This feature is dedicated to our #NoChangeNoFuture initiative. From the Women’s March, to Australia voting yes to same sex marriage, and the #MeToo movement, 2017 taught us to look beyond ourselves and come together as a collective of powerful women who are writing our own history. Join us as we commit to being the change we want to see in 2018. Because without change, there is no future.
Fashion isn’t exactly the environment's best friend. From leftover fast fashion building up in landfills, to gallons upon gallons of water used during clothing production; it’s easy to see how each little impact builds up to make the fashion industry the world’s second largest polluter. While facing the realities of what fashion is doing to our planet can be heartbreaking, there are still glimmers of hope suggesting that change is possible. And if we want to keep enjoying life as we know it, it's essential.
Granted, it may sound dramatic, but the way that clothing is currently being produced is not sustainable long-term, and to be quite honest, we can’t keep it up at this pace for much longer. Something has to change, and the sooner the better. Thankfully, a number of brands understand that the industry they’re a part of is contributing to environmental degradation and have thus taken measures to mitigate the damage that fashion is doing. From making bikinis out of ocean litter, to producing clothing in limited quantities, brands at home and abroad are working to improve the operation of the industry.
While there are many brands working towards more sustainable practices, one local designer has caught our eye in particular. From the beginning, Kacey Devlin has understood the negative impact of fashion, and has thus worked to be a part of the solution in a bunch of creative ways. Curious to learn more, we spoke to Devlin for some insight into how her brand understands its environmental impact, and to find out how this affects the design process.
“In regards to managing our environmental footprint”, Devlin shares, the brand “starts right back at the initial design process.” By designing clothes with the environment in mind, the brand aims to reduce waste by ensuring that clothes will not only last long, but will also remain versatile so as to avoid being thrown out. “We deliberately design pieces that have high frequency wearability and can be worn multiple ways”, the designer shares. This means no more one-time-wear pieces ending up in landfills, but rather staples that are worn and loved for years to come.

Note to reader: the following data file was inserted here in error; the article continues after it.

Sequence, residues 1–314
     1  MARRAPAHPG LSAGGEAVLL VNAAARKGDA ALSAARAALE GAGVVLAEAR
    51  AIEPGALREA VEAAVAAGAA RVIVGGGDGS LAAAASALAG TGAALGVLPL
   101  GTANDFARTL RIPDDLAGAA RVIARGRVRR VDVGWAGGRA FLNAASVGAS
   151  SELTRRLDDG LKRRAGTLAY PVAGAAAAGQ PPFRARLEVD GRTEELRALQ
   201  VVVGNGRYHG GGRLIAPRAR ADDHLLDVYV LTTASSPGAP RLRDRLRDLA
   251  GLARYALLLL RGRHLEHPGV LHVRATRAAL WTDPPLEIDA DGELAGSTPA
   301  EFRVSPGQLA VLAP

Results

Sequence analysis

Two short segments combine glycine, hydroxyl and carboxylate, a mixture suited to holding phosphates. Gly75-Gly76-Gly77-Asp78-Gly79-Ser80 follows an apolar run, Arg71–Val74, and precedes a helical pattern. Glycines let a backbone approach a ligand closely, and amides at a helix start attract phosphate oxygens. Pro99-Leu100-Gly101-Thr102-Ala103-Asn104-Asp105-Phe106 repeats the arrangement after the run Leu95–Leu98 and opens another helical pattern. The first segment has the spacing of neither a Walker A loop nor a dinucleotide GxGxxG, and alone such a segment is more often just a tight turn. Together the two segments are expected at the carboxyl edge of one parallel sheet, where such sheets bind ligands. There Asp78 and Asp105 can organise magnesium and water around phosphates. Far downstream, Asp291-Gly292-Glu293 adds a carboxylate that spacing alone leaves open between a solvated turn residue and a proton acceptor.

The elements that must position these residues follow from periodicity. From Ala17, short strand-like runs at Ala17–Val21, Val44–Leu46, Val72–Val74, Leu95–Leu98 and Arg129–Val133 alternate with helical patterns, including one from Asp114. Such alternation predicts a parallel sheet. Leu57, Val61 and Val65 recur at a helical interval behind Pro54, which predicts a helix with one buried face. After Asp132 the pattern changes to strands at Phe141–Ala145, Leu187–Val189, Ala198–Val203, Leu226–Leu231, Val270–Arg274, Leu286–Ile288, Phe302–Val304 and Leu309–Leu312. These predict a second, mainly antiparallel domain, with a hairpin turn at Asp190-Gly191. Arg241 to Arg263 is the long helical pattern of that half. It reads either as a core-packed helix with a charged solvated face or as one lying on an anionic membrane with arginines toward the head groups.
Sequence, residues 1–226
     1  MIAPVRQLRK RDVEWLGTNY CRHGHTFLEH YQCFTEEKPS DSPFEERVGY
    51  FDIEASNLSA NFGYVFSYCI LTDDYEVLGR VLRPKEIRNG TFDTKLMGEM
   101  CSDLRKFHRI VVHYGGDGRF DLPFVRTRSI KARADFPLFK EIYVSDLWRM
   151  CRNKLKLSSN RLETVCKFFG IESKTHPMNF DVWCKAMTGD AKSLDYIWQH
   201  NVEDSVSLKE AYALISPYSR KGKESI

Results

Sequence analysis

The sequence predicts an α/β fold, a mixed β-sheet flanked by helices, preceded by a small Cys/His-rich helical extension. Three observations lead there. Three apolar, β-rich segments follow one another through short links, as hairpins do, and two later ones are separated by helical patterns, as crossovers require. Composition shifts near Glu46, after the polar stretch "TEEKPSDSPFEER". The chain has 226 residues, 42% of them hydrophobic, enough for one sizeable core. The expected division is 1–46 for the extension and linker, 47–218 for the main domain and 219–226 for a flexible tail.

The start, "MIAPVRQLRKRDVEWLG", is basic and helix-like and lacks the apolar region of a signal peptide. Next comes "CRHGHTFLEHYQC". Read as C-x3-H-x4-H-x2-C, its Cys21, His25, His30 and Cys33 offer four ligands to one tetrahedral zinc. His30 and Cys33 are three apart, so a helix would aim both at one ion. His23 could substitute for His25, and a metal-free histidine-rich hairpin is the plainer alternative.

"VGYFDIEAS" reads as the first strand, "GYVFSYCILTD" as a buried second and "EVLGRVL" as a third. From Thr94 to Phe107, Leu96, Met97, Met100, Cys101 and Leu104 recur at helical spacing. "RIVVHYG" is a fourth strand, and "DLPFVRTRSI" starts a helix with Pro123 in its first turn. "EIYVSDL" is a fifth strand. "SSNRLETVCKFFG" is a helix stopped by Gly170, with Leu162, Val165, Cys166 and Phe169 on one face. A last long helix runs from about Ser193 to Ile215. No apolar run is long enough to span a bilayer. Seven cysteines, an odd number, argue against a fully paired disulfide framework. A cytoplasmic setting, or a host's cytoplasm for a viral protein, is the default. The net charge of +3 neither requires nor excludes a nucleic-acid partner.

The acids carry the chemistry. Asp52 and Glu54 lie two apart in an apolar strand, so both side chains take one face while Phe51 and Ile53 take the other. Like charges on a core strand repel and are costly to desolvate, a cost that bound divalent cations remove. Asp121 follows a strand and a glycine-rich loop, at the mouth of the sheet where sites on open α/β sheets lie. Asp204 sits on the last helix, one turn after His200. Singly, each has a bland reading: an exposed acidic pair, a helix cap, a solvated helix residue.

In addition to versatility and durability, Devlin also considers other factors that may lead to clothes being thrown out in order to minimise these instances in her designs. One of her most cleaver moves was completely eliminating the need for fastenings in her designs: “The label started with its first three collections using no formal fastenings”, a decision which the designer shares was “based on the observation that most people tend to throw out garments when the fasteners are no longer working, broken or have fallen off.”
Instead of relying on clips and buckles that are easily worn down, the brand’s collections “truly celebrated the method of drape and natural fastenings by tying around the body. The decision to build a collection not centred around zips, buttons or fasteners meant there was a sense of longevity built into our pieces”, Devlin states.
The brand also takes additional steps, such as utilising dead-stock fabric similarly to the way that other fashion brands like Reformation and Maison Cléo do. The designer shares that in addition to other fabrics, “in the mix we use 'dead-stock'—meaning [we take] discarded fabric from other fashion companies and we integrate this into our range.” Furthermore, the brand’s packaging also aims to be eco-friendly, with online orders being “shipped using recycled cardboard boxes and tissue paper.”
While there is undeniably still a long way to go in terms of the relationship between fashion and the environment, brands like Kacey Devlin are proving that change is possible. By mindfully addressing every stage of a garment’s life, from design to deterioration, Kacey Devlin has not only minimised her own brand’s impact on the environment but also served as an example that other designers can look to in understanding the ways which we can all pull our weight in making positive changes. What this means for us as individual shoppers may be as simple as being more mindful about our purchases. Whether this takes form as supporting brands that use dead-stock fabric, or denying non-recycled packing, every small step does make a difference.